Belonging in Migration

Korean Chinese as International Laborers

Current Research Situation

My proposed fieldwork should be conducted in Seoul, South Korea, since this summer, and it should last for approximately 10 months. Due to the pandemic situation, I have postponed my fieldwork schedule to March 2021 (to be finished by the end of 2021). At the same time, I will be a visiting scholar of the department of anthropology at Yonsei University in Korea, so that they can issue me a visa. However, they will not invite me until the pandemic situation has been much better. Moreover, it seems that the second wave of pandemic has started in Europe recently. Therefore, even if I am planning to enter Korea next March, I am still not sure whether I can physically arrive in my field site.


Research Topic

This project focuses on the feeling of belonging in transnational migration. The work investigates Korean Chinese workers born between the 1960s and the 1980s, and focuses on how they shape and strive for a sense of belonging during and after migrating from Northeast China to South Korea since the early 1980s.

Korean Chinese are ethnic Koreans who migrated from the Korean Peninsula in large scale after the 1910s, and have been living in Northeast China for a century as Chinese citizens. In the past three decades, over 600,000 out of 1.8 million Korean Chinese moved back to South Korea and made efforts to work for the so-called “3D jobs”: the difficult, dirty and dangerous work. They aim to achieve wealth accumulation and to raise their social status in their previous homeland, a country that they were both familiar with and estranged.

This research intends to find out how migrants negotiate a sense of belonging in the process of transnational migration in East Asia. To answer this research question, a ten-month anthropological fieldwork and qualitative research will be conducted. The fieldwork will consist of participant observation and in-depth interviews in Seoul, South Korea.

Image 1. Dinner on the Day of Lantern Festival. The picture was taken by the author Jingyi Li on 05 March 2015 when she was studying the left-behind Korean Chinese community in Jilin province, northeast China.


Image 2: Korean Chinese Running Restaurants in Daerim-Dong’s Chinatown, Seoul. Photo taken by David Lee. 10 May 2019.


Challenges in Methodology

Working on transnational migration and the concept of belonging requests a multi-sited study on both sending and receiving countries of migrants. I have already finished an eight-month fieldwork in Northeast China, the labor-sending area during my Master program. The future fieldwork in the labor-receiving society would be the second phase of this research. I shall focus on different types of social encounters and relationships, ways of maintaining connectivities (including their family ties, connections with the villages back in rural China, interactions with South Korean employers and colleagues), as well as migrants’ and hosts’ articulated feelings. I am scheduling to participate in key informants’ daily activities such as events held by local associations and organizations, church services, festival celebrations, everyday domestic labor, work at sites, official meetings, private meetings and conversations as well. Besides, I shall also look into local documents, archives, and statistics. The forms of the data should include field notes, journals, diaries, videos, sound recordings, photos, interview records, informants’ texts and letters, archives, and documents from local libraries and offices. The identification of informants includes: contacting the relatives and friends of my previous informants; visiting local Korean Chinese churches, organizations, and associations; visiting restaurants, sauna houses, and construction sites where most of the migrants work for; and asking for setting up by my former interlocutors in China to expand networks. I planned to have in-depth connection with 5 households for this qualitative study.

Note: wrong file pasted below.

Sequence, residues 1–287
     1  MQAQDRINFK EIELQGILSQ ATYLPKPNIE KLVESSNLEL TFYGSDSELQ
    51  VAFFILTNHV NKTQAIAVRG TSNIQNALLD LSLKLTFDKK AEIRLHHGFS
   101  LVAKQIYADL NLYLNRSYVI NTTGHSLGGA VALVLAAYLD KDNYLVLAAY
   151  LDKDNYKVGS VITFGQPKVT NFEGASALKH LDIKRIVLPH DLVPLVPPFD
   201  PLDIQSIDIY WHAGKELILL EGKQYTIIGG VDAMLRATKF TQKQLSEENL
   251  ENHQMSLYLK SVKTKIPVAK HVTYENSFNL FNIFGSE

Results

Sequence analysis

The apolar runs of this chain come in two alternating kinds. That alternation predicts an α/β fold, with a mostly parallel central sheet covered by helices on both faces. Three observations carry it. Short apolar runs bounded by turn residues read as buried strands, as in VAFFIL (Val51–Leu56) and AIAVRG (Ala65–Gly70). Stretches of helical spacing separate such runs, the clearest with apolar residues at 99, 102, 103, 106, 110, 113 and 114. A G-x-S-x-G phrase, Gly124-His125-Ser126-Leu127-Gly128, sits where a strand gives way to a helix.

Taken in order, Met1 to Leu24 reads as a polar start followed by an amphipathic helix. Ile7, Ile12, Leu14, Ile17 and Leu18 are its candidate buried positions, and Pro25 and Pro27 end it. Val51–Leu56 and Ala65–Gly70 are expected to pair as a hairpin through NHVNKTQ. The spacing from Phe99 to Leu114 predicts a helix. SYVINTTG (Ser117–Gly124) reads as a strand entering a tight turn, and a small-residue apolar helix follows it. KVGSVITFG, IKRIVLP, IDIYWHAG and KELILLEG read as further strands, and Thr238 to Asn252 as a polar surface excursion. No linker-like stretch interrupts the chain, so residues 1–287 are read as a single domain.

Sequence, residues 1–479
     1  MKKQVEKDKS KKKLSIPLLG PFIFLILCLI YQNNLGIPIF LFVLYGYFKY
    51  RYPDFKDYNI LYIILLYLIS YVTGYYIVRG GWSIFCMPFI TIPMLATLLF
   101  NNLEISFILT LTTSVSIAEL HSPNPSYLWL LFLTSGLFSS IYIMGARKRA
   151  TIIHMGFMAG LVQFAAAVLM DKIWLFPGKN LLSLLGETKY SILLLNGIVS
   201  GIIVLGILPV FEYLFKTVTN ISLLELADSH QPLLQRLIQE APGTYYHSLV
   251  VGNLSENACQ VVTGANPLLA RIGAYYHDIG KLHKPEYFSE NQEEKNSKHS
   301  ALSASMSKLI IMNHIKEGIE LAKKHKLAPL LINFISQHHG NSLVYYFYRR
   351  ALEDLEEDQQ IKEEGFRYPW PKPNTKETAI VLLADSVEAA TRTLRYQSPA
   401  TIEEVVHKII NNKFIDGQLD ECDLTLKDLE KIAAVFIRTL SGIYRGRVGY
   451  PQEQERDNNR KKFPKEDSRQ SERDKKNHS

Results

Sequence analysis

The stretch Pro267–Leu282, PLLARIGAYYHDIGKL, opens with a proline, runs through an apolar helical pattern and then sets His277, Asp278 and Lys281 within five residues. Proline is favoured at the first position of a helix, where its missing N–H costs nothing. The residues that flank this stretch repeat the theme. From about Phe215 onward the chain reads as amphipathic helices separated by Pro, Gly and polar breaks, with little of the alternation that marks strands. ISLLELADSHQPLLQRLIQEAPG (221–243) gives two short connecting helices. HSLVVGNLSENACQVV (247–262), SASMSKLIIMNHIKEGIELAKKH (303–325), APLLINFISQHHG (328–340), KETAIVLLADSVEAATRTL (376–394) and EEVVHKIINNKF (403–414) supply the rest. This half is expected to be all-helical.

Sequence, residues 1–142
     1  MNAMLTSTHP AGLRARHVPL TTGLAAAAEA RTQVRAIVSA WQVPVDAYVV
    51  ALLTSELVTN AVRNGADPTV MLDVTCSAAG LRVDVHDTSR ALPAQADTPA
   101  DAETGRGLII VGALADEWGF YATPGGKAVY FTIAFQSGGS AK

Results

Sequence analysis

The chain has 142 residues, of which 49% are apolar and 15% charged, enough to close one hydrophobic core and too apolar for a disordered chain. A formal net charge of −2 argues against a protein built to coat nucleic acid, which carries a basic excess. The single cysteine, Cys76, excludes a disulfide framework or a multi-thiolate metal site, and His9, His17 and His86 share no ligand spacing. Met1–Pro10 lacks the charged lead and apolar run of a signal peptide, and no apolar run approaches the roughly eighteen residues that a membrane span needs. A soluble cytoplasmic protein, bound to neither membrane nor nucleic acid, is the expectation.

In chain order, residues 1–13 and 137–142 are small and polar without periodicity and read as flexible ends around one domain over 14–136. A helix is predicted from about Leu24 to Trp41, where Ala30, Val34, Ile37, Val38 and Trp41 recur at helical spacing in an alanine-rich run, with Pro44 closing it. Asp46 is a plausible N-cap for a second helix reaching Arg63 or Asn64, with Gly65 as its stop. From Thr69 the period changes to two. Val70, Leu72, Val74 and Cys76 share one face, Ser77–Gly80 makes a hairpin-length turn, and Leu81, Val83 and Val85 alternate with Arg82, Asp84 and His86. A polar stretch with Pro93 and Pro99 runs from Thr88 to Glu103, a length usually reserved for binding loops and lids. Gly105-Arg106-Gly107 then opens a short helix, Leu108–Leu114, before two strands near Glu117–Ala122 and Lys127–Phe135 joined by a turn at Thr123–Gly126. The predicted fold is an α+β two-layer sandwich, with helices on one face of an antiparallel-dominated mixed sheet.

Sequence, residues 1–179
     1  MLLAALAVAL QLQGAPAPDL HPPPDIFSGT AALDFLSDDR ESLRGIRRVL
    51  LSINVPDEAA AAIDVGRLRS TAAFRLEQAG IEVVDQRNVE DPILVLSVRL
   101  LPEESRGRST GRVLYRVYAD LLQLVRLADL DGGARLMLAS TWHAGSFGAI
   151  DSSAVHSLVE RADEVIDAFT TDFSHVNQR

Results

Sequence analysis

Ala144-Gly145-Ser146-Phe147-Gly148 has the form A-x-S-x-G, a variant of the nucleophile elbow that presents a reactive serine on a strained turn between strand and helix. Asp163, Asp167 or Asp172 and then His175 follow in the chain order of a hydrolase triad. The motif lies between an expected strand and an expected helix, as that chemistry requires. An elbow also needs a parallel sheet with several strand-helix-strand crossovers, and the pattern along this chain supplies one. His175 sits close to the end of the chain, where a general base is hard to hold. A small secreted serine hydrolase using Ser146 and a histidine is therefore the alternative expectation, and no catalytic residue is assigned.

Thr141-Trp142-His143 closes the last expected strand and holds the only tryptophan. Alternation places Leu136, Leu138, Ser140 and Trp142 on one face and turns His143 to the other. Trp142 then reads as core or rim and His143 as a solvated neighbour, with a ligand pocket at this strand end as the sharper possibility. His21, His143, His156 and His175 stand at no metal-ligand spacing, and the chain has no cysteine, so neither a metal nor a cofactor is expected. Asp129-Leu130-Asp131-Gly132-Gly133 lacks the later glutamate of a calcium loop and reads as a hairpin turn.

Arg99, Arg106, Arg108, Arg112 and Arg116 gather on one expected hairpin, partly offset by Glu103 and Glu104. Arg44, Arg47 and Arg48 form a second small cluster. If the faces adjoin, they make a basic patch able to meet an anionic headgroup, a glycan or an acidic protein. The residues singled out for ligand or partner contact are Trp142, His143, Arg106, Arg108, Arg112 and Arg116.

However, I may face difficulties and challenges to reach my informants and to join their group activities due to the pandemic restriction. I am wondering that if I could not attend their group activities and could not meet informants frequently, what would be the alternative choices for me to observe and interview them? If participant observation is not practical, will interviews alone be sufficient and reliable to gain my data? Would it be possible to conduct digital interviews in my case? What will be the restrictions of digital interviews and how can I overcome such problems?


Potential Solutions

If I would not be able to enter Korea as scheduled, I am considering doing online interviews with my informants in the first couple of months. Because I have already known some migrant workers when I was conducting my fieldwork in the master program, and I am still in contact with them, it is possible for me to have some online conversations (through Skype). I may be able to gain some basic information of their daily life in Korea, and I can also have some life story interviews which requests long conversations. This process may take one to two months. After that, I will see if I would have any possibility to enter Korea. However, if most of my fieldwork data will be got by interviews, how can I justify the validity of my research? I believe that discussing the similar topics with other scholars will help me to have more valuable thoughts and ideas.

Written on 03 October 2020


I am Jingyi Li, a second-year PhD student majoring in anthropology, in Graduate School of East Asian Studies, Free University of Berlin. I came from Shanghai China. My research interests include transnational migration, belonging, ethnicity, and East Asia. Email: mayjingyi@gmail.com